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Lexy Green '81, Director of Forensics

Speech and Debate

Lexy Green ’81: Director of Forensics
Education: University of California, Berkeley, BA
Years teaching at College Prep: 20

How does Speech and Debate fit into the College Prep Curriculum?
The students get academic credit. All participants start with a one-semester course, Beginning Debate, which is offered in the fall. This class introduces students to competitive speaking, analytic thinking, the basics of argumentation, and research. Our tournament schedule is pretty heavy—25 to 30 a year. We serve many different levels of debaters, so we participate in tournaments from which our students can qualify for national championships, as well as local ones which are great for the beginners. Something for everyone!    
 
What attracts students to be part of Speech and Debate?  
Students from all grade levels can join. There’s usually a core group of competitive participants who treat debate like the Olympics and their plan is to win it all—and they prepare like Olympians. Some students join because public speaking terrifies them and they want to conquer that fear, and others because this is a lot of fun. I’ve always been inclusive. As rewarding as it is to work with the competitive kids, sometimes the students who get the most out of the program are the ones who never win a round, but learn to stand up and say what they mean in a clear way. I love working closely with the team. I definitely want them to gain self-confidence, the ability to speak in public, and to support their arguments. I also want them to find their place on campus. Within College Prep, the team is a group of like-minded kids who share the love of speech and debate and it becomes their community within the larger school.      
 
Were you involved in Speech and Debate while you were a student at College Prep?
I entered College Prep as a sophomore in 1978 when the team was in its second year of existence. The program then only had about a dozen students enrolled in Forensics. I joined because a family friend was on the team, Kathryn (Oliver) Mills ’80. And I joined because I love talking. I competed in different events: expository speaking; extemporaneous speaking, which was my specialty; and policy debate. During my senior year, the national organization introduced Lincoln-Douglas debate, so I did a little bit of that as well. Debate was definitely my activity, the “thing” I did until graduating from Prep. I built on that experience by getting college credit for assisting the College Prep debate coach, Stevan Kalmon, while I was an undergraduate student at UC Berkeley.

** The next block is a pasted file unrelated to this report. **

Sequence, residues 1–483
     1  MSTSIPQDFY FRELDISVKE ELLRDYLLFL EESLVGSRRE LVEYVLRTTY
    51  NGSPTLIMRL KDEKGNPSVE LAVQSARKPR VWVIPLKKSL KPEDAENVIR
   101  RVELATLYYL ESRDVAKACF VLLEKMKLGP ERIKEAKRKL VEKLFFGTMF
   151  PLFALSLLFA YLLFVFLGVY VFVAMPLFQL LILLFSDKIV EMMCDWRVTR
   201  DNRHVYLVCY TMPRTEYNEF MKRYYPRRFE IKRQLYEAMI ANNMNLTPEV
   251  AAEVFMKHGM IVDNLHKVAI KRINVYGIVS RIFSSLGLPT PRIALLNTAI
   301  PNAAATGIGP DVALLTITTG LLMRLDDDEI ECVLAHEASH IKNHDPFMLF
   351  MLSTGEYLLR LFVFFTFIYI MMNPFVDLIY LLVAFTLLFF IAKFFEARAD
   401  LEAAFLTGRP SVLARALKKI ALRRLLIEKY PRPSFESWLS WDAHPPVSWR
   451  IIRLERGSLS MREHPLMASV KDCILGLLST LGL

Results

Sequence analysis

About what aspects of teaching Speech and Debate are you most passionate?
I love getting to know the students in a deeper way than I would in a traditional classroom. I try to follow their lead, asking: What are your goals? What topic are you interested in? What events are you interested in? I enjoy witnessing them gain self-confidence in their ability to speak in public and support their arguments. I also love creating a community for kids to share their passion. We travel a lot together, too. I’ve taken up to 70 students to large, local invitationals like Cal and Stanford, and almost that many to ASU and Cal State Long Beach. Spending all that time together builds strong bonds.
 
Is there something you’re most proud of from your tenure at Prep?
In leading the program for 20 years, I’m most proud of the California Round Robin that we host on campus each February. It’s a unique event—we invite the very top teams in policy, Lincoln-Douglas, and public forum debate from across the country. It’s held in the two days before the Cal Invitational, and the purpose is to draw the very top competitors to the Bay Area, rather than to the East Coast at Harvard, which hosts a competing tournament that weekend. The California Round Robin gives participants a chance to compete against the top debaters. Unlike most tournaments where the final round is judged by debate people, in this tournament the final round is judged by experts on the debate topic, and they usually know nothing about high school debate. We’ve had UN Ambassadors, legal experts, and professors from UC Berkeley. Rather than render a decision, they engage in a dialogue with, and answer questions from, the students who in turn get to explore the connections and discontinuities between debate arguments and real-world policy making. It’s such an amazing experience!
 

mens conscia recti

a mind aware of what is right